They Come Bearing Burdens

Here in town the holiday season has been unusually peaceful. Half-empty buses have been delivering us early, the office phones have been eerily silent and the normally packed cafeterias have been calm. But some of the many residents now returning have cited two particular aggravations that they met along the the way.

Train-takers have been running into a baggage problem at the Union Station/National Visitor Center complex. At the street entrances, lucky people may find a cart for their bags, or perhaps even a porter. But neither is in adequate supply. Then, if you manage to get your bags through the great halls of the visitor center and back toward the tracks, you have to wait in a sort of staging area until the gates to the trains finally open. Understandably, the porters from streetside aren't about to hang around. So unless you've been able to commandeer a cart, you'd better be willing to drag your bags the extra mile to the first available car on the train. Can't the railroads spring for another fleet or two of carts for prime times?

At National Airport, Maryland-bound passengers have a singularly difficult time getting reasonable taxicab service. Virginia-based cabs have their own stand - but Maryland and D.C. cabs share one. According to Maryland Reps. Gilbert Gude and Gladys Noon Spellman, Maryland based taxis are on somewhat shaky legal grounds when they pick up passengers for D.C. destinations - and are barred from soliciting any business in the District. Thus Maryland cab drivers find it unprofitable to wait in the D.C./Maryland cab line at the airport without any guarantee of a Maryland-bound fare.As a result, Maryland residents wind up in cabs from other jurisdictions whose drivers are unfamiliar with the Maryland suburds (and may ring up some unfamiliar charges on the way).

How about a stand at National for Maryland-based cabs? A Gift of 10 Island

In keeping with what is probably than-you-note time in many households around town, we would be remiss if we did not rely the gratitude of this region for a treasurable gift of unspoiled land that has been made by Christian Heurich Jr., a local real-estate investor and former brewery owner. As most longtime Washingtonians remember, Mr. Heurich and his family were the people who made "Old Georgetown Beer" down at "The Vat" on the site where the Kennedy Center now stands. What many of us hadn't known was that the Heurichs owned 10 Potomac River islands near Seneca, about 22 miles from the city. The islands, which add up to 150 acres, are filled with sycamore, walnut, poplar and oak trees, forming perfect shelters for deer, songbirds, wild turkeys and woodpeckers. There are also some Indians ruins.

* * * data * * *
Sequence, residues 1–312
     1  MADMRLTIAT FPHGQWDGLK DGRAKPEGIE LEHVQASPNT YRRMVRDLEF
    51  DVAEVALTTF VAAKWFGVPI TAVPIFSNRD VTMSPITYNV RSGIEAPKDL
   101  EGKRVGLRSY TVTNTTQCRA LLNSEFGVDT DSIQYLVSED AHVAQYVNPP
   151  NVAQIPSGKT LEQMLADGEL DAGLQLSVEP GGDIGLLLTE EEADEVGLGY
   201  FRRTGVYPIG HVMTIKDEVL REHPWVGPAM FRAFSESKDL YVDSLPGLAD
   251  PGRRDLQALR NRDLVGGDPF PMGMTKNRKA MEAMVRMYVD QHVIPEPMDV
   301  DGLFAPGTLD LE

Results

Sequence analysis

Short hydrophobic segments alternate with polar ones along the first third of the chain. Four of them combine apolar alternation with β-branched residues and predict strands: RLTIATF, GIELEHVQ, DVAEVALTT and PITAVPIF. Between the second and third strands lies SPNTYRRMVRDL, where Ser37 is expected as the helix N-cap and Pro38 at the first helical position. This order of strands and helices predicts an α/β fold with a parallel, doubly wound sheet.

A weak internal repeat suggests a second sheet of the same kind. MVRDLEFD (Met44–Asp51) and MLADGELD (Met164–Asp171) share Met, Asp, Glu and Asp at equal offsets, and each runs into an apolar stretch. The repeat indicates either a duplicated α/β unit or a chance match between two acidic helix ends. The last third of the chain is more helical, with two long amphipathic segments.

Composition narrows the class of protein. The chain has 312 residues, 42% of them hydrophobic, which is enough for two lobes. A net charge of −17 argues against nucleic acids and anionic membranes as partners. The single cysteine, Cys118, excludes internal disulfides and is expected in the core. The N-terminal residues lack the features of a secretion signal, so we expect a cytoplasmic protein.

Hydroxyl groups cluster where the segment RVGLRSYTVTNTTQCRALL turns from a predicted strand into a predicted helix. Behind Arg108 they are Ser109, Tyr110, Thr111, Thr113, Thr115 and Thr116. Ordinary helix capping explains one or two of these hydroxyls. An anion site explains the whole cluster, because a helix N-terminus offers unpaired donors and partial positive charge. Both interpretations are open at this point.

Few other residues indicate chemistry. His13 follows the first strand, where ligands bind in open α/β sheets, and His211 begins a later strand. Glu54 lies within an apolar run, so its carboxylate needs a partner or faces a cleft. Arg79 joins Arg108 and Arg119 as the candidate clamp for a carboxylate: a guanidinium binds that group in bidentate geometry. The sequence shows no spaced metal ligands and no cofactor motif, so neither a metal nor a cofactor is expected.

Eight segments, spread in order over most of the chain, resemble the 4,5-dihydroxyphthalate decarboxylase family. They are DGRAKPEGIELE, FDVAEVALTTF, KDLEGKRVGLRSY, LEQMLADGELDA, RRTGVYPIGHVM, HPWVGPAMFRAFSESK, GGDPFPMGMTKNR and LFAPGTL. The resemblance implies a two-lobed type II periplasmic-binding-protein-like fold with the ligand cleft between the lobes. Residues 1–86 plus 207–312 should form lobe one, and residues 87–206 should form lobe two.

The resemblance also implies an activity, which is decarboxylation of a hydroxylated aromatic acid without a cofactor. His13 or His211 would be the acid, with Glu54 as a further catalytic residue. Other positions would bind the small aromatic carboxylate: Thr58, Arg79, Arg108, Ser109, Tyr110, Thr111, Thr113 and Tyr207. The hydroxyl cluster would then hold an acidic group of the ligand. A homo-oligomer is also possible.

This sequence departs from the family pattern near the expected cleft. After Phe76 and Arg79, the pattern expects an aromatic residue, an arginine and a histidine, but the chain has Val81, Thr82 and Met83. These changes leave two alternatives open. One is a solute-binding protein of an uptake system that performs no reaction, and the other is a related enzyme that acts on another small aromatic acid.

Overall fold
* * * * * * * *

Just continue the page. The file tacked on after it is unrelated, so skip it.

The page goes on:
Mr. Neurich has just donated these beautiful wooded islands - worth an estimated $250,000 - to the Nature Conservancy, a private, nonprofit group that performs a great service by acquiring and preserving ecologically valuable land. The gift was made under the auspices of the American Land Trust, which has the commendable goal of acquiring $200 million in "ecologically significant" land within the next two years, as a bicentennial gift to the nation.

The nature Conservancy, meanwhile, hopes to turn over Mr. Heurich's islands eventually to the National Park Service. Officials are banking on passage of a bill to be reintroduced by Rep. Joseph L. Fisher (D-Va.) that would designate the Potomac from Washington to Cumberland as a national park; this would permit federal acquiaition of the islands. For aiding such efforts - and for sharing the natural beauty of his beloved countryside with everyone - Christian Heurich deserves a special thank-you from the community. The End of the S&W Line

It is easy to become overly sentimental each time a certain cherished local building or institution disappears, whether it's an old turreted home, a favorite shop or a neighborhood church. Though we appreciate the authority of governements, property owners and developers to make changes in the name of "progress," often moves have a dramatic impact on lifestyles. Such is the case with the closing of the S&W cafeteria at Seven Corners.

As staff writer Lynn Darling reported in this newspaper several weeks ago, the cafeteria was "a second home to several hundred senior citizens . . . a focal point of lives, a place where they could stretch fixed incomes far enough to buy a nourishing meal at inexpensive prices."

The Seven Corners cafeteria had been in operation since 1957. But now the landlord, Westminister Investing Corp., has no place for the S&W in the $1.5 million renovation of the shopping center. The cafeteria, said a corporate official, "is just a relic of the past as far as management is concerned. It's not oriented to the contemporary, new, exciting image we're looking for." The old customers have protested, rallied and written letters, but the cafeteria is no more. S&w officials have looked at a few nearby locations but nothing has come through.

To be sure, the corporation has every right to proceed with its plans for the property. But it is sad. As Ruby Wine, a daily lunch customer for the last four years, observed, "It's like losing a part of our lives."